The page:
It’s easy to think of common traits like loving, evil, grumpy, biased, or playful. Sometimes, though, pinpointing more precise traits can help you flesh out your character’s personality more fully. The more detailed you can get, the clearer you can write. Here are links to my favorite character trait lists. See what you can interesting traits you can find for your next character!

Ongoing Worlds


Please think twice before using a character traits generator to devise your next character. While these may seem fun, they are completely random and won’t give you the well-thought-out personality you want to develop for discerning readers. Instead, decide if you need a more positive or negative character. Then, choose an odd number (at least three) of strong traits that exemplify these attributes. Finally, determine how you can amplify, mirror, or reverse them to provide one or two counter-traits. Let’s try this for a negative character. Here’s a list for my character Tayvar:

  • Immature
  • Rebellious
  • Impulsive
  • Brave
  • Resourceful

As you can see, Tayvar might be a handful to control at times. But it turns out that when the chips are down, he’s able to pivot effortlessly and maneuver through a crisis because he doesn’t have any preconceived notion of rules and he’s willing to think on the fly. His impulsiveness becomes bravery and his rebellious nature inclines him to be creative and resourceful.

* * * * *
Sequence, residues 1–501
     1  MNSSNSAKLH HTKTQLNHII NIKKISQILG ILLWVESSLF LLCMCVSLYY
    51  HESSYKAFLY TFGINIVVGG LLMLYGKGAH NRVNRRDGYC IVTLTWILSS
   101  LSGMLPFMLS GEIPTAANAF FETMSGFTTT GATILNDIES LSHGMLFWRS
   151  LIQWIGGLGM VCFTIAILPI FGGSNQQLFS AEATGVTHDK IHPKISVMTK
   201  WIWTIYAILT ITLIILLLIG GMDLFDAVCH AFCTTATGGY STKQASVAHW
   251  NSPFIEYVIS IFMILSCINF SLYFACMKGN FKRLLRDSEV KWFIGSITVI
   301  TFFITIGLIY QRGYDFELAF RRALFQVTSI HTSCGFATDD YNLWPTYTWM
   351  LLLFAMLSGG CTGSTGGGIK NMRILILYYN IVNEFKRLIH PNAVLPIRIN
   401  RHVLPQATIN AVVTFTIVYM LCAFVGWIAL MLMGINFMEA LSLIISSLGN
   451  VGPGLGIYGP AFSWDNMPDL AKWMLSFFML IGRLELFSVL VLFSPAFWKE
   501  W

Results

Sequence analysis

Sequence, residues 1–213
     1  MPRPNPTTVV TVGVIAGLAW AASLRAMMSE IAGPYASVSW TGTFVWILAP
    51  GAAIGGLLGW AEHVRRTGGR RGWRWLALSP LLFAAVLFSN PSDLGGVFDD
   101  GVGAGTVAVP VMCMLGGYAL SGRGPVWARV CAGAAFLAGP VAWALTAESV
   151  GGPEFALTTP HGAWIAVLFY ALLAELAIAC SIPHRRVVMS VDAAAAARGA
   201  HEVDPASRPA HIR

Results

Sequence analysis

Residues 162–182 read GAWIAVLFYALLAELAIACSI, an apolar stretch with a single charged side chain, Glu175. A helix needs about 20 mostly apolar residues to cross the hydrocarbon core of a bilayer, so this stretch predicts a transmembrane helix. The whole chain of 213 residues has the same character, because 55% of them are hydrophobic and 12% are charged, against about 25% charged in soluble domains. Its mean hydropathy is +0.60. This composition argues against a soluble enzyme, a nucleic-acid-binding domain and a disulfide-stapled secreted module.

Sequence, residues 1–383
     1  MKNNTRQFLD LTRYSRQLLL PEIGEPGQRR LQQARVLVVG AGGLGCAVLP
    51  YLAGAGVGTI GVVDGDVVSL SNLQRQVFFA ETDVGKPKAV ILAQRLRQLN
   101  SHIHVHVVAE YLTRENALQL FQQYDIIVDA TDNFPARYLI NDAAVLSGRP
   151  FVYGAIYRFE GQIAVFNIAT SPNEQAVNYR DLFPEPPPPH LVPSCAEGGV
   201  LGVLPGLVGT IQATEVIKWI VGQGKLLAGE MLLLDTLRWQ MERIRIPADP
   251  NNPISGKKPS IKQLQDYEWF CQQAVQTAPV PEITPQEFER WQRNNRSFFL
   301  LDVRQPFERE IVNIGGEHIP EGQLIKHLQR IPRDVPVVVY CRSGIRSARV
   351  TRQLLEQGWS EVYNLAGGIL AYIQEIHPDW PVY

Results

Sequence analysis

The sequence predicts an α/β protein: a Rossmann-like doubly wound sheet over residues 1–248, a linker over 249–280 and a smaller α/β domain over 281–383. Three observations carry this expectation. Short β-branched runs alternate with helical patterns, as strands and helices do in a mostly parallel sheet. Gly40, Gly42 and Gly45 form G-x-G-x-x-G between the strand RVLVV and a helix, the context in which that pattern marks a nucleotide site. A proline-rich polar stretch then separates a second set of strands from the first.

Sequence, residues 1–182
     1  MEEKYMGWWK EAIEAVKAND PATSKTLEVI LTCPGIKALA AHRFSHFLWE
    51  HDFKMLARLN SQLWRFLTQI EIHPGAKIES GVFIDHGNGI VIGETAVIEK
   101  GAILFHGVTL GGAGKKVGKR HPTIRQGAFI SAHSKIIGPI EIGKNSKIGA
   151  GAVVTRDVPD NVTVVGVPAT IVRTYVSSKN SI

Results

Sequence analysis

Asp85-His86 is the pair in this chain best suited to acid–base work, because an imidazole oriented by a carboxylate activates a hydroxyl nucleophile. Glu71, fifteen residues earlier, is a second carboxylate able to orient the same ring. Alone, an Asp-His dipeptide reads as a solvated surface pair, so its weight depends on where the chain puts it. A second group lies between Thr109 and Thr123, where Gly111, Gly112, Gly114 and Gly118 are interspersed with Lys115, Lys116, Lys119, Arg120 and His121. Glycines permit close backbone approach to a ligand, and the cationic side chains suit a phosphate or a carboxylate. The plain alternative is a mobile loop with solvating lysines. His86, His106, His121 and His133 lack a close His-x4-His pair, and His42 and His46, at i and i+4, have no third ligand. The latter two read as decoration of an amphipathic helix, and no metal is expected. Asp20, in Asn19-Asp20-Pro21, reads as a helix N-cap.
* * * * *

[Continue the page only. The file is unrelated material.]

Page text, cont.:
Got any characters you need to create? Try this formula and let me know how you like it.

See you on the next page!



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character development superpower

Why Character Development is Your Superpower

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You may be surprised to know that you were born with a superpower: character development. I can see you rolling your eyes already — stop it! Creating characters is something so easy, so natural, that you may have forgotten your knack for it. So, let me clue you in to how to reawaken that sleeping power and put it to work.

Characters have many roles in fiction. Some draw the story around them like a cloak; they’re the center point of narrative and dialogue. Others provide a counterpoint to a main character, allowing you to contrast traits and aspects through comparison. Still others are available to move the plot along from scene to scene or act as a metaphor for some timeless lesson, as Darth Vader represents the isolation and eternal sorrow that comes from doing great evil. However you use them, characters are a pivotal device in your writing. It’s important to get them right.